American Sour Beers

American Sour Beers

Michael Tonsmeire

Language: English

Pages: 400

ISBN: 1938469119

Format: PDF / Kindle (mobi) / ePub

One of the most exciting and dynamic segments of today’s craft brewing scene , American-brewed sour beers are designed intentionally to be tart and may be inoculated with souring bacteria, fermented with wild yeast or fruit, aged in barrels or blended with younger beer. Craft brewers and homebrewers have adapted traditional European techniques to create some of the world’s most distinctive and experimental styles. This book details the wide array of processes and ingredients in American sour beer production, with actionable advice for each stage of the process. Inspiration, education and practical applications for brewers of all levels are provided by some of the country’s best known sour beer brewers.


















oxygen, thus partially reducing oxidation. Bulk pasteurization. To bulk pasteurize, transfer the beer to your kettle and slowly heat it to 150°F (66°C). Ethanol does not boil until it reaches 172°F (78°C), but molecules will begin to evaporate before this temperature is reached (in the same way that an uncovered bowl of water will slowly evaporate without coming to a boil). Work in a well-ventilated area to eliminate the risk of the alcohol vapor igniting. As the beer heats you will notice

brewery. Everyone I spoke to was generous with their time, details of their production, and opinions. I feel that the production method each brewery employs is more valuable than the specifics of the grains and hops used to produce the wort. If you like the sour beers brewed by one of these breweries then design your own recipe, but brew and ferment it with that brewer’s techniques. Do not feel that these are the only possible souring methods, or that you must follow one of them to the letter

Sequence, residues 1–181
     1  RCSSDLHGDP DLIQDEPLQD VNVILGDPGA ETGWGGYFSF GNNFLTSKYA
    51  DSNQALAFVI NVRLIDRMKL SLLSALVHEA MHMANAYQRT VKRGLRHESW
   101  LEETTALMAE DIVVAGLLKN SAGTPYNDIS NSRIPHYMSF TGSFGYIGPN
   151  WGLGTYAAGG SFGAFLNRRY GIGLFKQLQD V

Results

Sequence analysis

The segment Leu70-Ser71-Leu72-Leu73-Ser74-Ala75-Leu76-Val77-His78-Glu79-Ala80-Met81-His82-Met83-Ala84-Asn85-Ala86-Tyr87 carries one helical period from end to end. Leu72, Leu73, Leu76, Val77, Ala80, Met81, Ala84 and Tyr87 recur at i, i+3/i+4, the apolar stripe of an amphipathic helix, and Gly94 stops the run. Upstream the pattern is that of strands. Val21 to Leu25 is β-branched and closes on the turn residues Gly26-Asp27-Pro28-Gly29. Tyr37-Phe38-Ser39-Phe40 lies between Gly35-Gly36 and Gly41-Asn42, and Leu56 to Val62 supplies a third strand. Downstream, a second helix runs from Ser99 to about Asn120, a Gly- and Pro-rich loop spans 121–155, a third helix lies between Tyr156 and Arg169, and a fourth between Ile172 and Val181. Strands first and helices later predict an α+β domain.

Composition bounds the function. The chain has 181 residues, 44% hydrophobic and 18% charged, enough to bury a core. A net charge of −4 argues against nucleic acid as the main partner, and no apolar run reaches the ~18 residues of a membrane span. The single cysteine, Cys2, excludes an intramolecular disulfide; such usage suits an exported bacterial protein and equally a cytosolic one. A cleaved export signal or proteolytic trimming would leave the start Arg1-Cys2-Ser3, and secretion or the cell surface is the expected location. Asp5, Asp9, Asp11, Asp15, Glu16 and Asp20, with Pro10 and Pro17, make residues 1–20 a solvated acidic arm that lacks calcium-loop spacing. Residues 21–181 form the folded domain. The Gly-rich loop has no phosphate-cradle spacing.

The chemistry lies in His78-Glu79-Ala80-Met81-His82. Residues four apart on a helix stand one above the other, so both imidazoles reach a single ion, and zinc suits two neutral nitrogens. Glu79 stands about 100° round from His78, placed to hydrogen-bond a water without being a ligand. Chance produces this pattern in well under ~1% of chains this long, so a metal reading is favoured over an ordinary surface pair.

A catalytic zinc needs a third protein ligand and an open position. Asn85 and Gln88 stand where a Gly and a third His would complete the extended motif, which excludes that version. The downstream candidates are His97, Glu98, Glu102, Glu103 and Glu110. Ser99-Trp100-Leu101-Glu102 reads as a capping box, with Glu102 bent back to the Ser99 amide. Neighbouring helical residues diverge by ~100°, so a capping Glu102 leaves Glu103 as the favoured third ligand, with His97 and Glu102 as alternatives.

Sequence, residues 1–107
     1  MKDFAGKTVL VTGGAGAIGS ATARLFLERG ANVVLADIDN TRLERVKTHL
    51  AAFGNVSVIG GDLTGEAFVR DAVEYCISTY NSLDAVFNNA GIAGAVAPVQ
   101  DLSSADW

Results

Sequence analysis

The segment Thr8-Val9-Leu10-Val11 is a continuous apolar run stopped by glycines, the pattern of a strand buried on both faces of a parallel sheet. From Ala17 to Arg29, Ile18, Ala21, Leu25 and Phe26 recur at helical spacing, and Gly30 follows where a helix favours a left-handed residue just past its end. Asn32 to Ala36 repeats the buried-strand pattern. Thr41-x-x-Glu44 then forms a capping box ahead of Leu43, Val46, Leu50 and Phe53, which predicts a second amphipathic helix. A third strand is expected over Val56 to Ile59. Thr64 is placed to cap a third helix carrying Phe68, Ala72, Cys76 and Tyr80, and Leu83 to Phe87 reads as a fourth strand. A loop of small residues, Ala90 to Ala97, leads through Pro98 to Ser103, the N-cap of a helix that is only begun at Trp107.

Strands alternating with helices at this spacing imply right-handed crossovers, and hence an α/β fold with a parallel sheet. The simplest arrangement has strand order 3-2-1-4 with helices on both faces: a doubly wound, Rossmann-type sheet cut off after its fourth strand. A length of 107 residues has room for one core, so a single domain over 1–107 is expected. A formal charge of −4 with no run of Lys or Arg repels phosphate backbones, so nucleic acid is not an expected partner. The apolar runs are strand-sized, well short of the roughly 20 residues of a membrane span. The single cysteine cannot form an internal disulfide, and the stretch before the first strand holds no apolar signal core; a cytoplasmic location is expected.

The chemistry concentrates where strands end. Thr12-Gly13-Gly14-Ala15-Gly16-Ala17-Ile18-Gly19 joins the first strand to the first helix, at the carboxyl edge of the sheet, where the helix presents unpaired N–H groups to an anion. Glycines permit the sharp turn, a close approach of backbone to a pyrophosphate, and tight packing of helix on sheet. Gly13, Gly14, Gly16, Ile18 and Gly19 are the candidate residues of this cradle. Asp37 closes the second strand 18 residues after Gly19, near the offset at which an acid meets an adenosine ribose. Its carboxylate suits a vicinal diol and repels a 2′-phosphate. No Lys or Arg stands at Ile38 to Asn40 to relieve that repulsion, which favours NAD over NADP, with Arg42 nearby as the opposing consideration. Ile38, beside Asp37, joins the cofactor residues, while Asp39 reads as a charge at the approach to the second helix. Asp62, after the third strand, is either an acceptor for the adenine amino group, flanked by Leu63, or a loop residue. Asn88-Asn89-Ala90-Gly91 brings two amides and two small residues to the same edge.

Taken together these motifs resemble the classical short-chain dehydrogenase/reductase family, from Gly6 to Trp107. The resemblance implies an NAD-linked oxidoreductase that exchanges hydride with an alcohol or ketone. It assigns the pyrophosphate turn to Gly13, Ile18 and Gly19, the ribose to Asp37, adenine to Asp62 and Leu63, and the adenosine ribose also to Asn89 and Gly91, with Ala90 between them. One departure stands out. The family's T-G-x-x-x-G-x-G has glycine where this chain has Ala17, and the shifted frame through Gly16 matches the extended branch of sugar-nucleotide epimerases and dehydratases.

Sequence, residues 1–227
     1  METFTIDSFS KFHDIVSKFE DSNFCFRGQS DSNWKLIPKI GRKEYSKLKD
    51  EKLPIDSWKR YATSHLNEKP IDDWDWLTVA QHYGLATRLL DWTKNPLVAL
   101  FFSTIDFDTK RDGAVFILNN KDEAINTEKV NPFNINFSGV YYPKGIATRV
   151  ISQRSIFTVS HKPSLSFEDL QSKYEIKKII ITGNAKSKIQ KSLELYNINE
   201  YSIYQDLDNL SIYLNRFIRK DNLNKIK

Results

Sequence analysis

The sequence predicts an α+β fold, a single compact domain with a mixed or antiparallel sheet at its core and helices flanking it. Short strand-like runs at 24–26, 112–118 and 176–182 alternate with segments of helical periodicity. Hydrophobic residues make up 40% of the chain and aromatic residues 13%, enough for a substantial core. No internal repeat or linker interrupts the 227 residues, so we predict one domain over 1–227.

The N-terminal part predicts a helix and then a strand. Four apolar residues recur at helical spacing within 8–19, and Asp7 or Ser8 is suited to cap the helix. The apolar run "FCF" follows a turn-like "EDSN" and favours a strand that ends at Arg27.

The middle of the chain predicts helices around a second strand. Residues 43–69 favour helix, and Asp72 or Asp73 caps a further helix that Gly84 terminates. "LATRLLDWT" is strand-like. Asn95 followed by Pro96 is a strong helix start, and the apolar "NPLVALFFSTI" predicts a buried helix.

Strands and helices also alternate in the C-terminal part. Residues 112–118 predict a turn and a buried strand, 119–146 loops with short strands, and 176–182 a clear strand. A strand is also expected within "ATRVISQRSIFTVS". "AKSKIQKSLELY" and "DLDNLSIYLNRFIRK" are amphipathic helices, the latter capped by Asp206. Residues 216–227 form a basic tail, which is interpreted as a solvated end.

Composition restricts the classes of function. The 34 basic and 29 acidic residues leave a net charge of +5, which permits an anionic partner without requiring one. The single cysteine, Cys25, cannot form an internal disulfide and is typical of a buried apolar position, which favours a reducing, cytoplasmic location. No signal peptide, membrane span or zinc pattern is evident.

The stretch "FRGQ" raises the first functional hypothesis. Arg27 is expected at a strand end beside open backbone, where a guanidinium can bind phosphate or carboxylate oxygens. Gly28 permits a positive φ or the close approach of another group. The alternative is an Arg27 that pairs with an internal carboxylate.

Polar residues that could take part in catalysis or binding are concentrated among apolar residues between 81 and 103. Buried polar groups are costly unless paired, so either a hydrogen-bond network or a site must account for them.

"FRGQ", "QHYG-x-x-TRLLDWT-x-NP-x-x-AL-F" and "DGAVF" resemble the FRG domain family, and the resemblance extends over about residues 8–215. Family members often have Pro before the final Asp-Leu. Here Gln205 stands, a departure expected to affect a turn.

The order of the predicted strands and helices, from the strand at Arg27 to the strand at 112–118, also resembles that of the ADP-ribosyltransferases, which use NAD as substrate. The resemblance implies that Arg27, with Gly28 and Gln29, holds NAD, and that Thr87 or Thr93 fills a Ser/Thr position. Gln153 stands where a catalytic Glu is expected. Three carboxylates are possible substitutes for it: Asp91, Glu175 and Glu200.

in beer because I understood the term to refer exclusively to bland, overcarbonated, pale lagers. After tasting the range between beers like Ommegang Hennepin and Dogfish Head Indian Brown Ale, I made it my mission to sample every style. Luckily, back in Pittsburgh, I discovered D’s SixPax & Dogz, a bar that stocked a huge variety of single bottles that could be purchased to go (Pennsylvania beer distributors on the other hand are required to sell beer by the case). I went to work, consulting

website reviews to find a well-regarded example of each style. When my quest arrived at fruit lambic I picked the least expensive, Lindemans Kriek. It was slightly tart, but the primary flavors were fruity and sweet. While certainly drinkable, it was not nearly as sour as I expected from descriptions of lambic. A few weeks later I splurged on a 375 mL bottle of Cantillon Kriek 100% Lambic. The acidity was bracing; over the two hours it took me to consume the bottle, all I could do was wonder why

from brokers.17 Preparing Barrels for First-Use When you purchase barrels, you should have already brewed, or at a minimum be ready to brew, the beer that will be filling them. This will ensure that the barrel does not dry out or grow bacteria or mold over a prolonged idle period waiting for your beer. This is less critical for spirit barrels, but wine or beer barrels can quickly turn acetic if stored without being rinsed. There will always be another opportunity to procure a barrel—do not buy

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